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Top executive pay now 117 times average worker’s wages

Posted on August 21, 2019 by webmaster

A report published by the CIPD and Britain’s High Pay Centre, examining executive pay across the FTSE 100, has revealed that the UK’s largest publicly listed companies paid their top leaders, known as ‘Key Management Personnel’, a total of at least £2.08 billion [€2.3bn] in 2018.

It also highlighted that the average (median) FTSE 100 chief executive earns 117 times more than the average worker in Britain. In other words, it takes the average worker one year to earn what a typical FTSE 100 CEO earns in just three working days.

The report also highlights concerns around corporate reporting on pay and performance for key management personnel, which it found to be inconsistent and lacking transparency.

The CIPD institute stated that: “Fairness is a key issue; if your organisation can’t afford to pay the Living Wage, can it justify a huge gap between its highest and lowest earners?”

The CIPD warned that executive pay is often disconnected from the reward strategy of the wider organisation – and therefore HR teams. But there are steps that people professionals can take to think about this issue in a more holistic context and address pay inequality.

Incoming pay ratio reporting requirements will push executive pay even further under the magnifying glass. HR teams will be under pressure to explain and justify any pay gaps, while taking steps to mitigate the negative impact this could have on culture and performance.

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Moves to opt-out of ‘after-work’ e-mails during rest periods

Posted on August 21, 2019 by Gerald Flynn

The Government is to consider a new employment law to provide a right to switch-off e-mails when away from work or on holidays.

The move comes two years after France introduced similar rules to ensure workers have the right to switch off and no longer feel the obligation to check work-related emails outside office hours.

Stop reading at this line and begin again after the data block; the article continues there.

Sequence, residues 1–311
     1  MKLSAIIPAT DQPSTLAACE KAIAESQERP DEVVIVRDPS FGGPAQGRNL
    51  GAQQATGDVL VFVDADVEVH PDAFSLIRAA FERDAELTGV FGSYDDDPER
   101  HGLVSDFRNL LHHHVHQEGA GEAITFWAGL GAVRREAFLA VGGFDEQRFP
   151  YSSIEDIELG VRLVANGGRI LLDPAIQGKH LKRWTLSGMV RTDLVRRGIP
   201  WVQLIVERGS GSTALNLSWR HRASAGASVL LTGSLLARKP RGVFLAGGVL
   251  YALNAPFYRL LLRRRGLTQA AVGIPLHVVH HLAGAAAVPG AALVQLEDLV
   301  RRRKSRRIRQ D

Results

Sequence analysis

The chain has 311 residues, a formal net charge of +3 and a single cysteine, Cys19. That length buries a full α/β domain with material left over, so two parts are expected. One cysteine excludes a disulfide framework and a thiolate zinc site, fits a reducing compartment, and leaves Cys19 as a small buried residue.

Minister for Business Heather Humphreys said that with the “increasing digitalisation of the workforce” it was important from a work-life balance perspective that there would be “clearly defined guidelines regarding workers’ rights to switch off after office hours”.

In 2017, the French government introduced an employment law which obliges organisations to guarantee their employees a right to disconnect from technology.

Last year business executive Gráinne O’Hara, from meat producer Kepak, was awarded €7,500 by the Labour Court over being required to deal with out-of-hours work emails, including some after midnight, which led to her working more than 48 hours a week. She was unable to have “a

a rest period of not less than 11 consecutive hours in each period of 24 hours during which he or she works for his or her employer”.

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More apprenticeships needed to meet youth jobs needs

Posted on August 8, 2019 by webmaster

DESPITE the tight labour market, 6,000 under-25s remain long-term unemployed according to the National Youth Council which is calling for more apprentiship places, especially for younger women. Apprenticeship courses have been expanded in recent years to include careers in auctioneering, insurance and accounting in addition to more traditional trades.

At present, there are 16,000 young people on apprenticeship programmes. We need increased investment in Budget 2020 to support more young jobseekers into an apprenticeship and a range of other employment and training measures to reduce long-term youth unemployment. That was the message from James Doorley, National Youth Council of Ireland (NYCI) deputy director at the launch of its pre-Budget submission.

The NYCI, which represents youth organisations working with over 380,000 young people nationwide, is calling for an overall investment of €14.9million in education, training and apprenticeships to halve long-term youth unemployment by the end of 2020. Only 2% – about 350 – of the 16,000 young people in apprenticeship schemes are women.

Mr Doorley said: “Census 2016 indicates that our population aged 10-24 years will increase to over one million by 2025, so we need to invest in policies, services and supports to meet the needs of young people today, while preparing for demographic pressures in the coming years.”